Santa Monica Studios has made it clear that it has no interest in pursuing multiplayer games at this time. God of War: Ascension’s multiplayer experiment is out. God of War is a single player game and will focus solely on the relationship between Kratos and Arteus.
Also out are the linear levels. Previous God of War titles focused on delivering a cinematic, linear experience that continuously pushed players towards the next story beat. The latest God of War game is taking a page out of The Last of Us’ book by offering more open environments that Kratos can explore. While players can travel about on foot, they can also hop in a boat to travel across bodies of water.
After seven games based on Greek mythology, God of War is finally ready to move on. Norse mythology beat out Egyptian mythology to be the new backdrop for the series. Creative Director revealed that Norse won out due to the more isolated and barren civilization at the time, which allows the team to keep the focus on Kratos.
Players will encounter several figures from Norse mythology during Kratos’ journey, including the World Serpent. Various gods will make an appearance and it’s implied they know all about what happened in Greece. They are said to be wary of Kratos’ presence, though they don’t appear to be outright opposing him at the start of the game.
During the time, players will go up against enemies inspired by Norse mythology. These include trolls, ogres, draugrs, revenants and many more. Kratos will also travel to some of the nine realms, though it is unlikely he’ll meet Chris Hemsworth or Tom Hiddleston along the way.
Taking another page from The Last of Us, God of War introduces a young child companion that aides our hero on his journey. Arteus is Kratos’ son and represents a path away from the vengeance that consumed him for so long. Despite being a constant companion for the entire journey, Arteus will be controlled at all times by AI. There will be no co-op in God of War.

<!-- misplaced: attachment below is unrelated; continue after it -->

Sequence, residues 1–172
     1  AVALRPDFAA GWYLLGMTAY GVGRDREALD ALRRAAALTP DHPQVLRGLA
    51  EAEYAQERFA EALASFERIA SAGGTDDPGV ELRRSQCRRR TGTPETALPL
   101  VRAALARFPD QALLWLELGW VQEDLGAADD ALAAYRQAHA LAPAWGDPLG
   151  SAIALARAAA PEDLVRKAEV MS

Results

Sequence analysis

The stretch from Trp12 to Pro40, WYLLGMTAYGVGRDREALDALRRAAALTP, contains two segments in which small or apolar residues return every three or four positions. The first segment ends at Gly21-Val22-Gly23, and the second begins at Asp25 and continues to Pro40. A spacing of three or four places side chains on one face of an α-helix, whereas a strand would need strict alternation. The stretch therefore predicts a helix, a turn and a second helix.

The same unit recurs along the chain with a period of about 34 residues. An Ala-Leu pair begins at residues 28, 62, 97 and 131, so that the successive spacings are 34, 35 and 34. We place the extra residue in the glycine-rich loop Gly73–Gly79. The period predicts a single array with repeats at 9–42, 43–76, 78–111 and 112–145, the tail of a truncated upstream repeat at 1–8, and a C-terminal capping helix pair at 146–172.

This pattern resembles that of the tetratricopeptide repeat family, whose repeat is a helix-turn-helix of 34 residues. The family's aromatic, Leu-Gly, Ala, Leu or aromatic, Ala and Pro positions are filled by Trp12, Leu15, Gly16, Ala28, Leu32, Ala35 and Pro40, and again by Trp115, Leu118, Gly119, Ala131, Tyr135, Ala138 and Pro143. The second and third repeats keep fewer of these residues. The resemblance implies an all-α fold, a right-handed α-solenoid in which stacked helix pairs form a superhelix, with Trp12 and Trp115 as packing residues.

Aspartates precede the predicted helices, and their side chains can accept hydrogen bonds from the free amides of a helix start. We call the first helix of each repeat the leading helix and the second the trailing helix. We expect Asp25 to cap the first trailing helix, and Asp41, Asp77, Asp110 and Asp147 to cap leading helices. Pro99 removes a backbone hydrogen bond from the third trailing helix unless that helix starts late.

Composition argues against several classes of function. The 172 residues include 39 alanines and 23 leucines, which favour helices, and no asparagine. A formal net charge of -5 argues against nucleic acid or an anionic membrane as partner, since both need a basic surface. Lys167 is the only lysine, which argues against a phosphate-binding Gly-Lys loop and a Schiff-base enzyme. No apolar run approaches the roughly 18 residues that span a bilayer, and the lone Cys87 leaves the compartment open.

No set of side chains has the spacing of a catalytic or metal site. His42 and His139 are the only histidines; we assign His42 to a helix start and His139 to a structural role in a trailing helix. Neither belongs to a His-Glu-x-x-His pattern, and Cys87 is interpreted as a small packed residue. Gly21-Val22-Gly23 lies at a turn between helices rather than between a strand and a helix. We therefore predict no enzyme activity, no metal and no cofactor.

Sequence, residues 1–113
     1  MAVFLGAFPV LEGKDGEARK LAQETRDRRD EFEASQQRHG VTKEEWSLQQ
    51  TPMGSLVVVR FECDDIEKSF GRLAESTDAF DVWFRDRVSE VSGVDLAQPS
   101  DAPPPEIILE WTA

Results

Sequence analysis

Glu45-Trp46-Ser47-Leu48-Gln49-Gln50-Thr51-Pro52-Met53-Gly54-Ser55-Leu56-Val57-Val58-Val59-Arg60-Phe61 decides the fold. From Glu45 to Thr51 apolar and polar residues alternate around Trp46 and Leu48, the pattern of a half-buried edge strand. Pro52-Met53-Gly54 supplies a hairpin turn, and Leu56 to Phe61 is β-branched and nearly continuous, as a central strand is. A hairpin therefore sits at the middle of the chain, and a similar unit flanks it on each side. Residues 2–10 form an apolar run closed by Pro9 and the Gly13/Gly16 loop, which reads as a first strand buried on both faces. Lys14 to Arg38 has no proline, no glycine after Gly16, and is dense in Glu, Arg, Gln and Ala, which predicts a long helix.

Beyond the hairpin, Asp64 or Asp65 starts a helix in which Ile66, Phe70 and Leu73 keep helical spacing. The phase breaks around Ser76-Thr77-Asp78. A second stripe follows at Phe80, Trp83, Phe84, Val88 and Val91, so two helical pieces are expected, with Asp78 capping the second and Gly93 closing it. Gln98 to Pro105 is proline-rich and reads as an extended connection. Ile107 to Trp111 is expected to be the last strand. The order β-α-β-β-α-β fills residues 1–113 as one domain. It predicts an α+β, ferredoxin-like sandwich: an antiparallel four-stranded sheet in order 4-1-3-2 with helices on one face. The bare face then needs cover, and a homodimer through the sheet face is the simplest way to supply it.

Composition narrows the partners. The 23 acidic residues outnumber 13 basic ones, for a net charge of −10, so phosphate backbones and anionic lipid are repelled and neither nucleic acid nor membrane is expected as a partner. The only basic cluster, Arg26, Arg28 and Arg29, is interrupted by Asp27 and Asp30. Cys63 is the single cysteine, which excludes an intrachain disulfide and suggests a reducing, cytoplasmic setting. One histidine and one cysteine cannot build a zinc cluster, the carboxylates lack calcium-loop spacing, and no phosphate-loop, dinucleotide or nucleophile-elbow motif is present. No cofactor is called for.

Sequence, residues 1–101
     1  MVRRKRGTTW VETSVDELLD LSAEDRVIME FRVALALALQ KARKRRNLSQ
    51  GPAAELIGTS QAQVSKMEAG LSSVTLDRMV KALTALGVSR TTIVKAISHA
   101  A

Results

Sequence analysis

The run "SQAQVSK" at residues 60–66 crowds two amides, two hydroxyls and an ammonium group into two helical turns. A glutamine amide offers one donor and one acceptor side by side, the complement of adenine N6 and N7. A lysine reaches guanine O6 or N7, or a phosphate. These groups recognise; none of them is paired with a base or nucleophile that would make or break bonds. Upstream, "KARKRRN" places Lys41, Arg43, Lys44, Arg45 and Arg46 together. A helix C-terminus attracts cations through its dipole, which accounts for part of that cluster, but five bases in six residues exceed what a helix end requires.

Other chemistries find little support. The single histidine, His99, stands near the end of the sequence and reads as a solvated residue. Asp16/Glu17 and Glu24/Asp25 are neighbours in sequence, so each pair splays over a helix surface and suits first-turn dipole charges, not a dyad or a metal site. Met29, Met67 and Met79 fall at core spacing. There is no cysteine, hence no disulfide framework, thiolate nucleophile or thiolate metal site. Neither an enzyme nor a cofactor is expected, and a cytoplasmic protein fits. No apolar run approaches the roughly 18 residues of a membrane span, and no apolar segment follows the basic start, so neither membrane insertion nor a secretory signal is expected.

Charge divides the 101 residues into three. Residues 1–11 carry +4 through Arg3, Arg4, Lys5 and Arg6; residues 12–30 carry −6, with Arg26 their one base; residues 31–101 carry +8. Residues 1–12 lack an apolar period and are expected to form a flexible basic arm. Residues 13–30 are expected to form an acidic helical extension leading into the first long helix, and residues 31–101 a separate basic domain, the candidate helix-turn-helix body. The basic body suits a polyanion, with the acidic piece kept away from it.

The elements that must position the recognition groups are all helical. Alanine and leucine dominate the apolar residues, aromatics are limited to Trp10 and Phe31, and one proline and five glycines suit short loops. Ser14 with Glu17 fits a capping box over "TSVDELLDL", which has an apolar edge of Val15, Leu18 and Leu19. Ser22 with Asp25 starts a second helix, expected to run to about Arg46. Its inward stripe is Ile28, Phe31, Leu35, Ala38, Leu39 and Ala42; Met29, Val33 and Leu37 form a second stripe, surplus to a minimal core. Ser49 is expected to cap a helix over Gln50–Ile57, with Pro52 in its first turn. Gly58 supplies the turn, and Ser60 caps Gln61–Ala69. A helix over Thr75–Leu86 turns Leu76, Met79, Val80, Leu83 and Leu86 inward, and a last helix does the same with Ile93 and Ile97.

Arteus will help Kratos out in combat, including firing arrows that increase an enemy’s stun meter. He also provides traversal, exploration and puzzle-solving aide throughout the journey. While he can’t die in combat, he can be incapacitated if too many enemies gang up on him.
Much like Kratos, Arteus levels up throughout the game. Players can equip new skills, armor and special abilities as they’re earned.
Much like Horizon Zero Dawn, God of War is shaping up to be a showcase piece for PlayStation 4. The game looks gorgeous running on base hardware with impressive attention to detail. Those who own a PS4 Pro and a 4K TV, however, are in for an extra treat.
Players who have both get to enjoy God of War running at a dynamic 4K resolution thanks to a 2160p checkerboard technique. To see how impressive this technique, look for further than Horizon Zero Dawn. Horizon was a visual stunner utilizing this same method and God of War will no doubt also dazzle.
Now, those with a PS4 Pro and no 4KTV won’t be left in the dust. Those with a 1080p TV can still enjoy increase image clarity thanks to supersampling. While you won’t get all the benefits the 4K dynamic resolution offers, you’ll get a more pristine image than base models get. Finally, HDR will be supported across all PS4 models, as long as you own a TV that supports the feature.
Microtransactions, which have come to plague games this-generation, will have no place in God of War. Creative Director Corey Barlog confirmed on Twitter to fans that there will be no microtransactions in God of War.
God of War is out April 20 exclusively on PlayStation 4.